Good morning. It's Courtenay — Dion left me the keys while he enjoys a much-deserved vacation.
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Illustration: Eniola Odetunde/Axios
California is being sued over its unprecedented law requiring all public companies headquartered there to have at least one female board member by 2020.
Why it matters: Pressure to diversify corporate boards has historically come from shareholders and special interest groups, not the government.
Driving the news: The California law, signed last year by then-governor Jerry Brown, sets a penalty of $100,000 for public companies that don't have at least one woman on their board by yearend 2019. The looming deadline has drawn two lawsuits.
Opponents are hoping to block the law before it gets stricter: By 2021, companies with five-person boards will have to have at least two women, while boards of six or more will have to have three.
Corporate stragglers in California are racing to expand or switch up their boards.
What they’re saying: The latest lawsuit strikes "at one of the principal areas of vulnerability that was identified when the law was passed,” Teresa Johnson, a partner at law firm Arnold Porter, tells Axios.
Louder calls from big investors and other Wall Street heavyweights have also helped push the percentage of women joining boards to a record high.
For instance, proxy advisers — who wield a lot of influence in how shareholders vote on issues — say they plan to take board diversity more seriously.
Mega-shareholder State Street told Vox earlier this year that it voted against board directors over 1,000 times "for lack of board gender diversity." (Its voting record on other gender-related issues, though, is dubious.)
Nuveen, the investment arm of pension fund TIAA, has also pushed companies to put women on boards — though not at all costs.
"The appointment of a director with an inherent penchant to support management can limit diversity of thought in board discussions and further concentrate the authority of insiders."— Nuveen's 2019 proxy season review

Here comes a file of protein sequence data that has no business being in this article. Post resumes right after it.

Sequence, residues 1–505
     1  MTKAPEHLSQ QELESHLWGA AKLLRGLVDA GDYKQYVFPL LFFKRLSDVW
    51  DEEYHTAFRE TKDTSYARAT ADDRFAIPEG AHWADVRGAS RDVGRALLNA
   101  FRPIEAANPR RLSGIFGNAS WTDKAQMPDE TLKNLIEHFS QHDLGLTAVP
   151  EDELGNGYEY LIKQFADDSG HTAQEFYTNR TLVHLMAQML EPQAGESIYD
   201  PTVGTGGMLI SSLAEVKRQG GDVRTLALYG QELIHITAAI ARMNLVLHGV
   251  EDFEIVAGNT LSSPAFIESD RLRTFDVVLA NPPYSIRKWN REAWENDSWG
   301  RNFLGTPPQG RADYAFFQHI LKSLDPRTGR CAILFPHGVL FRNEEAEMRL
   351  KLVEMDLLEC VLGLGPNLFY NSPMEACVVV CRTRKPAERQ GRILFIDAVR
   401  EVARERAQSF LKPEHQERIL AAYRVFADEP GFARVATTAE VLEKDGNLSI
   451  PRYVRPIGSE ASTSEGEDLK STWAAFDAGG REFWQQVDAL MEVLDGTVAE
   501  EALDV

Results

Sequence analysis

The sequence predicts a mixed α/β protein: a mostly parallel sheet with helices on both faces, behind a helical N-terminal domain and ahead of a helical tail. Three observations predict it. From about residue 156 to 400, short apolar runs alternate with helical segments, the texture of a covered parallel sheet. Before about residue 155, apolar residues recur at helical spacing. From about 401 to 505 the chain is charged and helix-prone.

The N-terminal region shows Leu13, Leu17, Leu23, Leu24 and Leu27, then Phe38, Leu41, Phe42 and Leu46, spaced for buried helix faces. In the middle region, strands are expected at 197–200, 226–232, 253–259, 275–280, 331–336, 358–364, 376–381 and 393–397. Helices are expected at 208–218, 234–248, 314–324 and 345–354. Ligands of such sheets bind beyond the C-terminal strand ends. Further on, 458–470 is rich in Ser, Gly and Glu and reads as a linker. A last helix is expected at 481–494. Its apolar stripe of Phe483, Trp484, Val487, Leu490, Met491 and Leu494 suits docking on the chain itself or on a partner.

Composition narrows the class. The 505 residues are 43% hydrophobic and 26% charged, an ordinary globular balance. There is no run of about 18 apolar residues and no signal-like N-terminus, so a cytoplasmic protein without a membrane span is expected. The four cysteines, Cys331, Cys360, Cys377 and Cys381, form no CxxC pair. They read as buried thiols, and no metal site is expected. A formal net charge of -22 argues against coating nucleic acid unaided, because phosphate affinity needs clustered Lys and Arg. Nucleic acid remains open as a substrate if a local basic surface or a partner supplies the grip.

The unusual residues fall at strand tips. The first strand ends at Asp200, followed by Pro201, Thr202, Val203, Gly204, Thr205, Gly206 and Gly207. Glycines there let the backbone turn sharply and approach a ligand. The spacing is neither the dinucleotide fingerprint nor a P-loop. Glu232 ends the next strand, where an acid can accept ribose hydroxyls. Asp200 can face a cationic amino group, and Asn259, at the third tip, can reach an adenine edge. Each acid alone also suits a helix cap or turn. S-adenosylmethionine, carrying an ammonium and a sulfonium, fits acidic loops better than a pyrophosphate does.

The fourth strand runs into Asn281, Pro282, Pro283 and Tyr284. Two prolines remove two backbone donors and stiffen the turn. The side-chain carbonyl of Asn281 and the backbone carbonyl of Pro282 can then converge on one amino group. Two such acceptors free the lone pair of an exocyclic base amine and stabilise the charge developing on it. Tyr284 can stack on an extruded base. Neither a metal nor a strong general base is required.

HP said Xerox's $33 billion takeover offer significantly undervalued the company, though it's "open to exploring a potential combination with Xerox.” (Wall Street Journal)
Saudi Aramco's IPO will give the company a valuation as high as $1.7 trillion — though it falls short of Saudi Crown Prince Mohammed bin Salman's hopes of a $2 trillion valuation. It will seek to raise up to $25.6 billion, "a fraction of the $100bn it had once hoped for," per the FT.
Economists pared down estimates for Q4 GDP — prompted by worse-than-expected economic data on Friday.
Between the lines: The downgrades would have been worse, if not for upbeat retail sales figures.
The big picture: President Trump's tax cut jolted business investment initially, but it "quickly dwindled," as the New York Times reports. Now spending by corporations on factories and other investments is contributing less to GDP than before Trump took office.
The bottom line: "Consumer spending has largely propelled GDP over the past two quarters, countering business spending’s noticeable drag on growth," analysts at LPL Financial write.
P.S.: FedEx's CEO Fred Smith, whose company is the subject of the NYT story cited above, is challenging A.G. Sulzberger and the paper's business editor to a public debate on tax policy.
Riot police and protesters clash in the Hung Hom district of Hong Kong on Monday.
(Photo: Ye Aung Thu/AFP via Getty Images)
The unemployment rate ticked up to 3.1% in Hong Kong last month from 2.9%, according to new data released by the government today.
Why it matters: It adds to a spate of worsening economic indicators in Hong Kong, which is in the midst of its first recession in 10 years.
The backdrop: The standoff between pro-democracy protestors and police isn’t letting up — capping a stretch of the bloodiest clashes between police and protesters since the protests began in June.
Photo: Spencer Platt via Getty Images
It took 90 trading days for the Dow to hit a new thousand-point milestone. With the record came the traditional baseball caps sported by traders on the floor of the New York Stock Exchange.
The backstory: Longtime floor trader Peter Tuchman, who's commandeered the tradition since the Dow hit 15K in 2013, ordered the hats two weeks ago in anticipation of the Dow hitting 28K.
See you tomorrow!